The third trial was to test the hypothesis that shapes and sounds shared a relationship with emotional arousal. This was done by creating a large and varied sample of shapes and sounds and getting a theoretical model to predict what the response of participants may be. The result was that the most elaborate model, which evaluated SC, counted corners and all other features, got it right 78% of the time. With only SC and corners considered, the result was 77%, but other models seemed to flounder. This shows that SC is reliable indicator of what emotion the symbol would evoke, the paper says.
The next trial was to see if SC could predict judgements of extracts from databases of professional actors portraying emotions and reading emotionally neutral sentences. With SC for the vocal part and a suitable SC derived for movements, it was found that SC could correctly classify 'angry' and 'sad' expressions 86% and 90% of the time. The last trial was again drawn from the data bases, but portraying a range of emotional arousal categories. While the samples were in German, the participants selected knew no German. Here again, SC was found to be a reliable predictor of the emotional arousal a sound or form would evoke.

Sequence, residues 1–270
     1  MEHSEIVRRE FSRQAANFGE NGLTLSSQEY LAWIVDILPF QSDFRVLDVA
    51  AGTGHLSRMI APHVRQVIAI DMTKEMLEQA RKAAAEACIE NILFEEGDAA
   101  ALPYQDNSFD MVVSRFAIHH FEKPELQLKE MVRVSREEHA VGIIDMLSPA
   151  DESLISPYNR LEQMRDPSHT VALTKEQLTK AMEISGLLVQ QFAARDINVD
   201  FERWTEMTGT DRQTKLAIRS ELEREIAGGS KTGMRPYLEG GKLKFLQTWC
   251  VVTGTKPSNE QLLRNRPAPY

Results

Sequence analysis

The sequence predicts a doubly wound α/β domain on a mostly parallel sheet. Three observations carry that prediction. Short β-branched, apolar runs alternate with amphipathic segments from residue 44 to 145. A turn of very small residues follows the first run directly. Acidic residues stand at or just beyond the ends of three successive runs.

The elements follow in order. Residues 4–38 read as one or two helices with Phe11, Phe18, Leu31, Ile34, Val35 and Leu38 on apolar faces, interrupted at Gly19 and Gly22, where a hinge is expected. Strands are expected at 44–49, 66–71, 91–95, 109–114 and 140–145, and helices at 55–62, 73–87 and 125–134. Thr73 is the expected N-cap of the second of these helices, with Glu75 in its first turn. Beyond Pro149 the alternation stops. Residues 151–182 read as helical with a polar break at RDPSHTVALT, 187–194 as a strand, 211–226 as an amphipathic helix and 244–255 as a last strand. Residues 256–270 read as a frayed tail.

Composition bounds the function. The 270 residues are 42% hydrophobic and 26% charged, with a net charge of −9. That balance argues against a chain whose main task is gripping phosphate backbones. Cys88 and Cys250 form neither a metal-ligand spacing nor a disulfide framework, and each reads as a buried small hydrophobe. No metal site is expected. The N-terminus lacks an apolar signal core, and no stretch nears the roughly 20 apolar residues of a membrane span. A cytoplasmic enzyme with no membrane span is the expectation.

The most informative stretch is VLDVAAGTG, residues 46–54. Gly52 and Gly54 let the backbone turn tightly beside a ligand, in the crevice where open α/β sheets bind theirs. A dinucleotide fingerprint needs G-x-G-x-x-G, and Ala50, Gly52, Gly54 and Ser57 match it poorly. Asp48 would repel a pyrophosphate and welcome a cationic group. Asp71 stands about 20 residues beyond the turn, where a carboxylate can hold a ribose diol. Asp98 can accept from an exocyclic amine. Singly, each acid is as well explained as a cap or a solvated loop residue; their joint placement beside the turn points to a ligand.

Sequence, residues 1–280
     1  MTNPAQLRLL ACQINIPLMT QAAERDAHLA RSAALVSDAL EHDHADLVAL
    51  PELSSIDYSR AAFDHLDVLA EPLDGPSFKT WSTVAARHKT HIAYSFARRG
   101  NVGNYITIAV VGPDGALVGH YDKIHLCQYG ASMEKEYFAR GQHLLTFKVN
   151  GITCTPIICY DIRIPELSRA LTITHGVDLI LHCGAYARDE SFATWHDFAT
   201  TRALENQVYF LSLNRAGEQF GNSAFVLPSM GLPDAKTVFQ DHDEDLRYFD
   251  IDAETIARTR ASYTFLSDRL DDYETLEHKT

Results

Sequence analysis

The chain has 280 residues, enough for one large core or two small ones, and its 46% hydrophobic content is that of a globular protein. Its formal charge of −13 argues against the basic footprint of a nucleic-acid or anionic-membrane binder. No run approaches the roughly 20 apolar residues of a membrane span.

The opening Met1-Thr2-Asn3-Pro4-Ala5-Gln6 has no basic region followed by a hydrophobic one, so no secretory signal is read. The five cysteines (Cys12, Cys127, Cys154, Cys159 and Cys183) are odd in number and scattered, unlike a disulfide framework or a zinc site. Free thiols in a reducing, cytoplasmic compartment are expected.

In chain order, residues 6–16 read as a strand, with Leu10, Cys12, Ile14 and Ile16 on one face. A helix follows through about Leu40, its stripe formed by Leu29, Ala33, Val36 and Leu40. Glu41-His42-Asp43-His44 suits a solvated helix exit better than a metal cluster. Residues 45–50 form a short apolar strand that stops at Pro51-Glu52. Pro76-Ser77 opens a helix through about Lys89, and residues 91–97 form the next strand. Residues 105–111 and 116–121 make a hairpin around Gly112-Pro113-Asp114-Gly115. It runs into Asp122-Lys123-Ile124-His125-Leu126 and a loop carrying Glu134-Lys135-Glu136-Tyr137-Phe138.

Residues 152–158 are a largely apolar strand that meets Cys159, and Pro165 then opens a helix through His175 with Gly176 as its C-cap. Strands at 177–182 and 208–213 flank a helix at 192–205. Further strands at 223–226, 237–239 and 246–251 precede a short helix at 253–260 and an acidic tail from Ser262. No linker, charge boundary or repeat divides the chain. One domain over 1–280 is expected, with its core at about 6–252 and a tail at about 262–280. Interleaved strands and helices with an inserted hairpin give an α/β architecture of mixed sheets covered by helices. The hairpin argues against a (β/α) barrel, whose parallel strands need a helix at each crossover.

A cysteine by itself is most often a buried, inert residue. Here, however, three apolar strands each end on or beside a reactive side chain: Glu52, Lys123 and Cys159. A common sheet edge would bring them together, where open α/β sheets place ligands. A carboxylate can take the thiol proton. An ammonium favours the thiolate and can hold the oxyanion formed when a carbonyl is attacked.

A valid question that can be raised is that the code of SC, by which sounds and shapes are found to convey emotion, could be learnt by all of us during our early years. The trials may hence not really prove that the code is universal. As the answer to this, the paper cites a report of similar trials which were carried out in L’ak, a remote Kreung village in northeastern Cambodia. What is special about this village is its geographical and cultural isolation. The results of the study at L'ak, which were replicated in the US, showed that common features relating different modes, like sound or shape, are independent of the cultural setting. Going further, the paper cites studies that show that humans are able to recognise emotional arousal from the vocalisation of animals.
While the paper notes that "understanding how the brain extracts low-level, cross-modal features to determine meaning" would advance our knowledge of communication, we can rest easy in the thought that there is still no algorithm that can create sounds or shapes to arouse emotions like a Mozart or a Van Gogh!